Friday, October 26, 2012

Stephen Greenblatt's Marxism (No, Really)

"Je suis Marxist.  Tendance Groucho," a wise man once said.  I herewith offer a fresh reading of this old saw, rooted in my own reading of The Swerve, Stephen Greenblant's account of the Roman philosopher/poet Lucretius and his reception in the Renaissance.

Bear with me, this has nothing to do with class struggle or cigars.  But for starters, perhaps I should have said "accounts," plural; Greenblatt's project is really at least four projects, overlapping but separate.  Perhaps the least successful (except as marketing) is the elevator-pitch project embodied in the title: the notion that the Renaissance, and by extension all of modernity, owes its provenance to the rediscovery of one ancient manuscript by one ancient (and otherwise, entirely unknown) poet.  It's an elegant conceit and Greenblatt serves up an elegant performance in presenting it.  But it's ultimately unpersuasive: there are just too many threads in the tapestry of the Renaissance; the best you can say of Lucretius is that he is somewhere threaded into the fabric.

But there are at least three other separable narratives.  Perhaps the least elegant but potentially most useful is Greenblatt's outline-summary of the poem itself.  Lucretius is a notoriously difficult poet in English and even more in Latin; any student would say a quiet prayer of thanks   to receive guidance from so adept a cicerone.

Second is a delightful biography of Poggio the book-mad penman, B-list humanist and alert student of the main chance, who recovered this unique link to the ancients.  Pitch it to a publisher on his own and he'd likely move on to the next offering but stapled into the larger project, it is an unalloyed pleasure.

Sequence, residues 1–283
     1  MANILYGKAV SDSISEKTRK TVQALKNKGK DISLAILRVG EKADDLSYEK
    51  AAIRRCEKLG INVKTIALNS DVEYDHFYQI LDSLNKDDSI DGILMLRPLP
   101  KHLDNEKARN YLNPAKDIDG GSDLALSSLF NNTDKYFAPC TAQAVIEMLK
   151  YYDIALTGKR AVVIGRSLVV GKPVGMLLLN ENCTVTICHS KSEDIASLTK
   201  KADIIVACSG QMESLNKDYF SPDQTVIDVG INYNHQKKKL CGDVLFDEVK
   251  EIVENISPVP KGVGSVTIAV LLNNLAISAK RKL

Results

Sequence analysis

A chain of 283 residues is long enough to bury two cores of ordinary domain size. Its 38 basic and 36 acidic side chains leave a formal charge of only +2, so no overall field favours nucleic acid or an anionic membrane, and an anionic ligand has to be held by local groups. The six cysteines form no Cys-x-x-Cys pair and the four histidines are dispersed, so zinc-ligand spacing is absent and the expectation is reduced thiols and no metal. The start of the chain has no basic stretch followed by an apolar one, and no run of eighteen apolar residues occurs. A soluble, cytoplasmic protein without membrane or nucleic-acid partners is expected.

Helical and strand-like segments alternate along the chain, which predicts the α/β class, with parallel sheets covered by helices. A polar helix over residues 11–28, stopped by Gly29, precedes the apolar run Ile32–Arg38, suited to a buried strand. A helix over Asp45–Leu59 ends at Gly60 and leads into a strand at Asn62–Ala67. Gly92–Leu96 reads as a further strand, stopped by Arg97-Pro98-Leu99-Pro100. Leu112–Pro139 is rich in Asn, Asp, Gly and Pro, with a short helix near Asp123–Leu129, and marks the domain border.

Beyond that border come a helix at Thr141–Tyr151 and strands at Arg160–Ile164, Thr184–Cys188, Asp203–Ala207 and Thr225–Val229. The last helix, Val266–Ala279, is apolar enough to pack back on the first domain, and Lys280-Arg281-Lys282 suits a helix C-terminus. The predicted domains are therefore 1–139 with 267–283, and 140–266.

Finally and perhaps most impressive, Greenblatt offers up a history of nothing less than the transition from paganism to Christianity.  It's short--not much longer than an ambitious piece of longform journalism--but I don't know presentation that offer the story with more conviction.

So what we have here is a formidable array of material inside the covers of a high-end trade paperback.  Which raises the question: how does anybody produce a book like this that offers so much,so well presented--and for so modest an audience?

For the answer, I go back to Groucho and his brothers.  Remember how the boys came to the movie business: they made it to Hollywood only after years of hoofing in which they tried anything and kept only the stuff that worked.  Every single (worthwhile) item in every one of the pictures has a prehistory and nothing stays unless it is audience-approved as funny.

You know what?  It seems to me the professor who becomes an author likely works in exactly the same way.  He's had seasons, maybe decades in the classroom with the most demanding of all audiences: one that really doesn't much care whether he succeeds or fails might actually rather see him fail because the spectacle of failure would be more entertaining.  You don't survive that kind of a gauntlet without nerves of steel and (at least some of the time) a pretty good product to show for it.  So here's to Greenblatt and the new Marxism.  It might not be Night at the Opera, but it might be something just as good.

1 comment:

Rachel Cholst said...

Interesting reading of Swerve. I think the fact that there were those four disparate threads annoyed me. I never actually finished reading it. I was disappointed that I didn't like it, because Greenblatt's academic writing is nothing short of astonishing -- elegant ideas delivered accessibly, which is something both Marxes would approve of.